Let Sleeping Dogs Lie

blogrestoredALLCHALKER Hugh

Hugh Chalker was born and lived his entire life in Ferry Township, Michigan which is about 20 miles inland from the Lake Michigan shoreline. He was one of six children born to Fred and Sylvia (Bearss) Chalker.

The original small cabinet photo was in quite poor condition when I picked it up in an antique shop but I didn’t want it and therefore the memory of Hugh to be lost completely to time.  I’d like to thank Marija of My Retro Photo for her wonderful repair work on this image.

blogbefore_after
Before and after restoration

Tragically, Hugh Chalker was the victim of a freak accident.  When he was just sixteen years old a dog jumped on him causing his gun to fire a shot into his shoulder.  Hugh died from loss of blood before aid arrived.

blogCHALKER Hugh BACK
I wish I had more to write about but the only other glimpse into Hugh’s life is that his death certificate reported his occupation as a farmer.  His father was a farmer so it makes sense that Hugh, as a teenager, would have been helping out on the family homestead.  But would he have continued with this career or chosen a different path?  If Hugh’s life hadn’t been cut drastically short it’s possible that he might have become an auto mechanic like his younger brothers, Garret and Arthur.

Hugh is buried beside parents in the Ferry Township South Cemetery.

Sources:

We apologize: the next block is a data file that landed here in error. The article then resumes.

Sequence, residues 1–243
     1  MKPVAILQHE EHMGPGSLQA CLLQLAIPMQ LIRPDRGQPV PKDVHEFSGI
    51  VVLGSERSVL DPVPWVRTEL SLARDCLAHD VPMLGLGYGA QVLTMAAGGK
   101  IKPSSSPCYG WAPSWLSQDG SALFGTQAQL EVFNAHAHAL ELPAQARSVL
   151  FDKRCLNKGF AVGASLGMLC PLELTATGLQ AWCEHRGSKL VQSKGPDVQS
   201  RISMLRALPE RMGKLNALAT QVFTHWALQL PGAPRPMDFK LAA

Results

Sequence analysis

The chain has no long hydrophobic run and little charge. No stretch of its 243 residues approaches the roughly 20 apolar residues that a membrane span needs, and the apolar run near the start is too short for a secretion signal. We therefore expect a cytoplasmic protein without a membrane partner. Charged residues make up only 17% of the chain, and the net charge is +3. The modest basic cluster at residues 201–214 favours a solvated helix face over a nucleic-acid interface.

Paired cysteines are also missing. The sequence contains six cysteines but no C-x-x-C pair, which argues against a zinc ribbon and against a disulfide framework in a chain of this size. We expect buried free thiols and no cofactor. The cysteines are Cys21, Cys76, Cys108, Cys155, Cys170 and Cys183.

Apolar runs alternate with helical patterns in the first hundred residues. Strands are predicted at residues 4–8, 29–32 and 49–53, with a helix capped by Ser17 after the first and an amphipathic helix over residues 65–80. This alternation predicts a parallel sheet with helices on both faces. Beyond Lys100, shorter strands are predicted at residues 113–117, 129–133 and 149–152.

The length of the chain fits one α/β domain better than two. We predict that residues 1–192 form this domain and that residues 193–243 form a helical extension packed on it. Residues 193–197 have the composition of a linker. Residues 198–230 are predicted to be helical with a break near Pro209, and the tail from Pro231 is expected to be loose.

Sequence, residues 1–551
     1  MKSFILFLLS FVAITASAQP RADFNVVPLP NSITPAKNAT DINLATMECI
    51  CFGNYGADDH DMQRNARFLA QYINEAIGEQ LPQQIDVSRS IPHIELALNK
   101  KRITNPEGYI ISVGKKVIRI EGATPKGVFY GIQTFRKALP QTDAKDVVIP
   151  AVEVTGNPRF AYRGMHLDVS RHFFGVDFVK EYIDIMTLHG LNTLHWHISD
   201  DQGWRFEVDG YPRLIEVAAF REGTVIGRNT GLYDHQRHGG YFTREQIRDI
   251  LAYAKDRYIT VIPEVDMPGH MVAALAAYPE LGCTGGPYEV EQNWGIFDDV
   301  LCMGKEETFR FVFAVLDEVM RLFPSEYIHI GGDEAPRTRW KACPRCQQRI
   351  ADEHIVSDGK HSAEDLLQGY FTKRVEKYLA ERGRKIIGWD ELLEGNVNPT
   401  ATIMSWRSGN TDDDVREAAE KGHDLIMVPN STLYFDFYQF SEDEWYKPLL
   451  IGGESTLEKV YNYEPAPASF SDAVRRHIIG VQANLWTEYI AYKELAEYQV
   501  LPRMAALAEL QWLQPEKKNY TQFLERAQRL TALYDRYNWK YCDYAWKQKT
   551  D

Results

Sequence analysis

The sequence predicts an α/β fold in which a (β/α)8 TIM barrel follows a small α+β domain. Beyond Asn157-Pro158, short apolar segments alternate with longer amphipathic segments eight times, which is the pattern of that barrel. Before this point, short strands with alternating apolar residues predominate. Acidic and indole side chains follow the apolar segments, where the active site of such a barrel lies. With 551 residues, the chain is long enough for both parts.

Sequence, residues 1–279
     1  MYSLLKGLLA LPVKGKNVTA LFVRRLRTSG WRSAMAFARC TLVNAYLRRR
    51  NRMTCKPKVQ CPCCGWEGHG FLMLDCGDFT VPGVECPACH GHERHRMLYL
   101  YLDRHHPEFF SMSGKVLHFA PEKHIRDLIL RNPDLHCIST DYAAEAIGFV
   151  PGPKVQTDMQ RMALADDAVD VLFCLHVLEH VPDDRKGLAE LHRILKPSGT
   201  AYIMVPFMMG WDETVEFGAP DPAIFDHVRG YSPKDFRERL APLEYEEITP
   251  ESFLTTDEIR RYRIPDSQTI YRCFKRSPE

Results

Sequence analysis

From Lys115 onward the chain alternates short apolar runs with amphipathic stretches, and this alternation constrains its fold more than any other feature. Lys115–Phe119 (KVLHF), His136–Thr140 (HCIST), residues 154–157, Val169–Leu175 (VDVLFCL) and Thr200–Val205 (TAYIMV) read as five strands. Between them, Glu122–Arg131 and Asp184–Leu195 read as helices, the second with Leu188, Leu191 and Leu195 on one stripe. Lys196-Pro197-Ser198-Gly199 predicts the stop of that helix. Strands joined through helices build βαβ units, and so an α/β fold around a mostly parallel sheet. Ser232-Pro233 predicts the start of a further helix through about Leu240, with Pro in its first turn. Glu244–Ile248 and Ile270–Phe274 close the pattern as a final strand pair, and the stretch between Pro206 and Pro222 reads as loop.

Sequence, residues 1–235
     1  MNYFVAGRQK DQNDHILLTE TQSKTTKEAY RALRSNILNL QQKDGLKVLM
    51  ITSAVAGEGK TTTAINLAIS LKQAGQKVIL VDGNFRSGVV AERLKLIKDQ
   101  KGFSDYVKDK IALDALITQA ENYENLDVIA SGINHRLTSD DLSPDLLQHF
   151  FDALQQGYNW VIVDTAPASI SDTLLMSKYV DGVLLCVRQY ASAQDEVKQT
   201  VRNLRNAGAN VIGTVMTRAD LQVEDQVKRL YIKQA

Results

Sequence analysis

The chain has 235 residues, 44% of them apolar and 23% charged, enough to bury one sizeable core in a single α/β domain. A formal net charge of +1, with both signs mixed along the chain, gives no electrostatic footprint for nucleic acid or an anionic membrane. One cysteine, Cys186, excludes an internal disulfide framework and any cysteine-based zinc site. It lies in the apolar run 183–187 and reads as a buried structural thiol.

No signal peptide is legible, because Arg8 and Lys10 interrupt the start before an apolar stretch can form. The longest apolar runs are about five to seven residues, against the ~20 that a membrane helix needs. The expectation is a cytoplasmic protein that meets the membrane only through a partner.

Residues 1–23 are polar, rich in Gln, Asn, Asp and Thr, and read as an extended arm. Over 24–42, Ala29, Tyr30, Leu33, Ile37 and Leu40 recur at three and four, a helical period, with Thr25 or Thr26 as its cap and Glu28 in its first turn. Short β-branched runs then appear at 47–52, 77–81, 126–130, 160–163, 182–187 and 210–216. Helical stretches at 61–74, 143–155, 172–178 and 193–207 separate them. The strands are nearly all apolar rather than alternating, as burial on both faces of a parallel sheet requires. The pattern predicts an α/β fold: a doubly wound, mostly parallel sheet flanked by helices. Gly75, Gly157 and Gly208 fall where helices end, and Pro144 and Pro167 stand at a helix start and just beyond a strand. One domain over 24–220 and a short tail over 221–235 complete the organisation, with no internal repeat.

Census records
Michigan death certificates

8 thoughts on “Let Sleeping Dogs Lie

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  1. Interesting and tragic. Oddly enough in my genealogy research, I very recently came across a death record for a young man in southern Maine, also sixteen, who accidentally shot and killed himself with his gun. There was no mention of a dog in my victim’s death record, but the scenario struck me as similar. On the death record for my victim it states: Cause of Death: Gunshot wound in abdomen (which phrase is typed out, but then in handwritten script below that is written: carelessly leaning on gun.)

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  2. Poor guy. I have a couple of photos of people who died in their teens. They were probably remembered with love after their deaths, but by how many and for how long? By one or two friends, maybe? To come so close to adulthood and not make it is very sad.

    Liked by 1 person

  3. My research has also turned up stories of vital young men having tragic accidents with their own hunting rifles. It seems that hunter safety classes perhaps have been effective in reducing these sort of incidents. I sure hope so.

    Liked by 1 person

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